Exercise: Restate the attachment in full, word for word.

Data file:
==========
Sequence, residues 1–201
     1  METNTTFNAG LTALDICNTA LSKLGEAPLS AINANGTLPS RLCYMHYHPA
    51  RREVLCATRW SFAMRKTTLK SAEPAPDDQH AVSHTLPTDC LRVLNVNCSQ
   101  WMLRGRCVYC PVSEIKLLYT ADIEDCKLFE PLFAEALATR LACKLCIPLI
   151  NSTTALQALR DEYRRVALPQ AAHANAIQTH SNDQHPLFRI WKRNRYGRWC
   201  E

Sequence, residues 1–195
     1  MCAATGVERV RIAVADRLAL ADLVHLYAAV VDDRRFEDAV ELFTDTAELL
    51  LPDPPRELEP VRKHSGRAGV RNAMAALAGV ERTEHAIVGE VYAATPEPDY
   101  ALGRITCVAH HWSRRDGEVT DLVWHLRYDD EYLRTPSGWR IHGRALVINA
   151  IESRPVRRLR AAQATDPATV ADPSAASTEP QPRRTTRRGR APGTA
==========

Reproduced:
Sequence, residues 1–201
     1  METNTTFNAG LTALDICNTA LSKLGEAPLS AINANGTLPS RLCYMHYHPA
    51  RREVLCATRW SFAMRKTTLK SAEPAPDDQH AVSHTLPTDC LRVLNVNCSQ
   101  WMLRGRCVYC PVSEIKLLYT ADIEDCKLFE PLFAEALATR LACKLCIPLI
   151  NSTTALQALR DEYRRVALPQ AAHANAIQTH SNDQHPLFRI WKRNRYGRWC
   201  E

Sequence, residues 1–195
     1  MCAATGVERV RIAVADRLAL ADLVHLYAAV VDDRRFEDAV ELFTDTAELL
    51  LPDPPRELEP VRKHSGRAGV RNAMAALAGV ERTEHAIVGE VYAATPEPDY
   101  ALGRITCVAH HWSRRDGEVT DLVWHLRYDD EYLRTPSGWR IHGRALVINA
   151  IESRPVRRLR AAQATDPATV ADPSAASTEP QPRRTTRRGR APGTA